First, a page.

Earlier today, I sat in the cafeteria for my usual noon lunch. Between sips of Mountain Dew, I began scrolling through social media and noticed someone had tagged me in one of their posts. She was sharing one of my CNN pieces and in her post, she called me a “disability advocate.”
Me? A disability advocate?
I know no one ever believes celebrities when they get all humble-braggy (and, YES, I’m admittedly cringing as I type this!), but I’m being 100 percent honest when I say that I’ve never thought of myself as a disability advocate. I mean, I’m disabled (obviously!), but to be called an advocate is pretty massive. I’m not so sure I’m deserving of that title in the grand scheme of things because there are SO many amazing people in the disability community who are making a positive impact every day.
A fellow writer interviewed me recently for an article she was writing on incorporating your disability into your personal brand. Such an interesting subject, don’t you think? Honestly, I’m not really sure that I ever made a conscious choice to have my disability be part of my personal brand. My disability is such a part of who I am, so I think it’s only natural that it would be a part of my writing and brand too. My life with a disability and disability issues are two of the main things I write about, in addition to relationships and pop culture. But at the same time, the those three areas (relationships, disabilities and pop culture) are all intertwined because I’ve written relationship pieces that looked at the disability angle and pop culture pieces that looked at disability issues within pop culture. So basically, my disability does permeate many aspects of my life, so the fact that it’s a huge part of my brand isn’t surprising at all.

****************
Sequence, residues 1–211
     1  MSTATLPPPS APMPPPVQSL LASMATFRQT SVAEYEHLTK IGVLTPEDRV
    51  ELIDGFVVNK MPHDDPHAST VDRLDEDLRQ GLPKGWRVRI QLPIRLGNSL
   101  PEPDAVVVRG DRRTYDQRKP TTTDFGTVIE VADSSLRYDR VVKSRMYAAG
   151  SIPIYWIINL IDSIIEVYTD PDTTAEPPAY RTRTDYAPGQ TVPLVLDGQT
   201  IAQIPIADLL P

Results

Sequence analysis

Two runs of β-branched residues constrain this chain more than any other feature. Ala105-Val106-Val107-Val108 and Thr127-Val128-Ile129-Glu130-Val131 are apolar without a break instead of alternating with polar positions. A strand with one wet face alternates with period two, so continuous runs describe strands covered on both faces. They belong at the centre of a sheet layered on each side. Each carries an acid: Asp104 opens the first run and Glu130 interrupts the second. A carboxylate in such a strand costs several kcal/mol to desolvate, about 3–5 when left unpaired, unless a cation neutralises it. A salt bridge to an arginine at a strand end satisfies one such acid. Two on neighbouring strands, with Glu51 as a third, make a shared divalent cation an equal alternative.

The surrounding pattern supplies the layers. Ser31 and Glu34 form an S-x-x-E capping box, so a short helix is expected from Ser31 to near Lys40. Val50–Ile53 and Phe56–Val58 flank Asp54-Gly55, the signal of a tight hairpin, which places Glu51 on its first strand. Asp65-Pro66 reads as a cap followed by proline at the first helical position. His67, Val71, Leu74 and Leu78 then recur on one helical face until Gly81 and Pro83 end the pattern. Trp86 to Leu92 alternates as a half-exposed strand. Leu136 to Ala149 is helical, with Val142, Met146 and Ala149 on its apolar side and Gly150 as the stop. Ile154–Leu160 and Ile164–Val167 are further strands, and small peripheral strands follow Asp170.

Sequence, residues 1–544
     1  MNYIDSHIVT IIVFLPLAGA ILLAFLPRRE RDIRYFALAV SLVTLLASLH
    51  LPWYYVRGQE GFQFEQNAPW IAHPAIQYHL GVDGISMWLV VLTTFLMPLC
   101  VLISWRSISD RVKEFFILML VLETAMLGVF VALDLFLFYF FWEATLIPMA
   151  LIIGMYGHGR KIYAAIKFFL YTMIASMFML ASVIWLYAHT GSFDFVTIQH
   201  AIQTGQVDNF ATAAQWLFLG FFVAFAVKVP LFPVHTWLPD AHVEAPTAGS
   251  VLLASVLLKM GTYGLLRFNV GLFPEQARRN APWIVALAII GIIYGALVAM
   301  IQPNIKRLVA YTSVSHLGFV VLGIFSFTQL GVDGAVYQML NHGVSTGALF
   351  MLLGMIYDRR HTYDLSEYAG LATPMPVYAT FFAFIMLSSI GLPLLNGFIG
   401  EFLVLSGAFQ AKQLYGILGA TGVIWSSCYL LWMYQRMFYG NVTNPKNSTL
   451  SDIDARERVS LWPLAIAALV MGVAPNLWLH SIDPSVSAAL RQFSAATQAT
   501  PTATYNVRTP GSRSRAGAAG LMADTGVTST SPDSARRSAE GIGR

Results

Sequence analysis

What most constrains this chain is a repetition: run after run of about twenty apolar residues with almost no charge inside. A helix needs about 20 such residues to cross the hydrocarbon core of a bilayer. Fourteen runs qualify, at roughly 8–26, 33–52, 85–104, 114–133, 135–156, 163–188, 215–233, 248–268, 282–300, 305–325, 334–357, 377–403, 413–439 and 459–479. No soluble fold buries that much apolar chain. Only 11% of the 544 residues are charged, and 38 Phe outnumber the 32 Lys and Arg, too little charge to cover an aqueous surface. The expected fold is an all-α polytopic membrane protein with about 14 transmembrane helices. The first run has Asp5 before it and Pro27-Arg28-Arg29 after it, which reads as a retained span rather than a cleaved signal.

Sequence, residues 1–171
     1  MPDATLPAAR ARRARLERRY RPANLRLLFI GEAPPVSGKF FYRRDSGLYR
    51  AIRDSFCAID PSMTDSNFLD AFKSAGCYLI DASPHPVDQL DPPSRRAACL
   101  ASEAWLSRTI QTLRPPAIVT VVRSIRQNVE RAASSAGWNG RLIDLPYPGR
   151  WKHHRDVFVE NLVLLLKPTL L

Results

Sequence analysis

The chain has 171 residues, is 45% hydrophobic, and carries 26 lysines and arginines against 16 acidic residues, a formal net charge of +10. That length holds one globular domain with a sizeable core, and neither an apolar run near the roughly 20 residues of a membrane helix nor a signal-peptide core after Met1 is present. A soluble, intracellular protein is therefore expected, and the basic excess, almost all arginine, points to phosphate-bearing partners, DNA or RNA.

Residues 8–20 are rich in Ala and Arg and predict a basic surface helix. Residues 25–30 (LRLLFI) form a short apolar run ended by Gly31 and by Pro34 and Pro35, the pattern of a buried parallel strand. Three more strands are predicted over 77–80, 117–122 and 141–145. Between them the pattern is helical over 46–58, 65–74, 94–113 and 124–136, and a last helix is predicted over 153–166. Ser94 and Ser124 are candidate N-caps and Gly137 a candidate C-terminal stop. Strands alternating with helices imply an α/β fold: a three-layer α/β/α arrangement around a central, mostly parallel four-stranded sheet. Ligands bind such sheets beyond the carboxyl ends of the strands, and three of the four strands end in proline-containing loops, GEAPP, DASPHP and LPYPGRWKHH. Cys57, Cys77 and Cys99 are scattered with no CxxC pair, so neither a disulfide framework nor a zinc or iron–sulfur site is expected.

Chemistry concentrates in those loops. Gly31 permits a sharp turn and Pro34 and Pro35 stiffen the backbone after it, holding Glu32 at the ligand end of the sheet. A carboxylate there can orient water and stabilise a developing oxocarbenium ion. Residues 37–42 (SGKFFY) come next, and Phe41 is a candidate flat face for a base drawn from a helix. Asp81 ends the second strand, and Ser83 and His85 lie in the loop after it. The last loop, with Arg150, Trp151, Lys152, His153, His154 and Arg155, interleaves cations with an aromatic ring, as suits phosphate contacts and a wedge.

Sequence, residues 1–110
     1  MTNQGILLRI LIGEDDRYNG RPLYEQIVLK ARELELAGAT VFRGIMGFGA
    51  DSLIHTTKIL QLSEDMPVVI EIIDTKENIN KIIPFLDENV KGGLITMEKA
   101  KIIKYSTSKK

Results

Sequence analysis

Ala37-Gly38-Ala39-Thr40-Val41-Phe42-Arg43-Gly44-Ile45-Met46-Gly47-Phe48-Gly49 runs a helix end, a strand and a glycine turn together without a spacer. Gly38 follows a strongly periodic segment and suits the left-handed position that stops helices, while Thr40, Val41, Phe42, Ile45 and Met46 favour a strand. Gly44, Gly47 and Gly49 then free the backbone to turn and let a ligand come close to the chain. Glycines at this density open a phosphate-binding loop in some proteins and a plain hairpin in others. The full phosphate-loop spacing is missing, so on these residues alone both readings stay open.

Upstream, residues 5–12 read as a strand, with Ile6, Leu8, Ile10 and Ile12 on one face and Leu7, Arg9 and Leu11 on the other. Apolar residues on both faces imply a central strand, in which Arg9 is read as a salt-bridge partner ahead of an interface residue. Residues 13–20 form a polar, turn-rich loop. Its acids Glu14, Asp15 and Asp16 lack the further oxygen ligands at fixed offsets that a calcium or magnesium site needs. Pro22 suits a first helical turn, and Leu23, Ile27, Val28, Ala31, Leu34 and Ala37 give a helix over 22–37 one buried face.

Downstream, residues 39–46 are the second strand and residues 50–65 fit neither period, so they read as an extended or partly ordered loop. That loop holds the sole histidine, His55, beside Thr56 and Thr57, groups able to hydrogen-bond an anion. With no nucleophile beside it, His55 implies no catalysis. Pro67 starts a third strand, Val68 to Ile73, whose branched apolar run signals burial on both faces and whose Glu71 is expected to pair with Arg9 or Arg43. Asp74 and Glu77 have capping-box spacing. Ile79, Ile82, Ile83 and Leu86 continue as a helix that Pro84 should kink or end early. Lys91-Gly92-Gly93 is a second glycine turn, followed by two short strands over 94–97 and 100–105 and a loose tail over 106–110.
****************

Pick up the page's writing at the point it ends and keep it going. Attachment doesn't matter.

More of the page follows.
From the beginning, it was really important for me to find my niche as a writer. I’ve also blogged for almost 10 years and I’ve blogged extensively about my life with a disability. Being so open and vulnerable in sharing my story has helped me grow an audience. I’ve gotten emails from readers who told me that I helped them see things in a different way or let them know they’re not alone. And I’ve even connected with companies who are doing great things for the disability community and it was an honor to be able to write about those companies on my blog and raise awareness when it comes to disability issues that are often overlooked.
My disability is a part of my identity — there’s no denying that or getting around it. I can’t pretend that it doesn’t exist — for one thing, my red wheelchair gives me away right away! So if I can represent the disability community, it’s really important to me that I be a positive voice. There are so many negative stereotypes about people with disabilities and I hope I can shatter even just some of those stereotypes through my writing.
It’s actually incredibly cathartic to write so much about my disability. As much as I write for other people, writing about my disability has also helped me process so much and come to terms with my disability and the role it plays in my life. I also hope people with disabilities see my story and think “if she can do it, I can do it!”
My advice? Everyone has to do what they feel comfortable doing. The important thing is to be yourself; that’s really what branding is all about, so I think it’s important to inject some part of your identity into your brand. Don’t try to pretend to be someone you’re not because people will pick up on that right away. Be authentic and genuine — that’s really what people are drawn to at the end of the day. I think that’s part of the reason people identify and relate to my blog so much. You can’t go wrong when you’re just being yourself!
There’s power in sharing a piece of yourself, and that’s been one of the most rewarding parts of my writing journey over the years! xoxo
[Photos via Unsplash]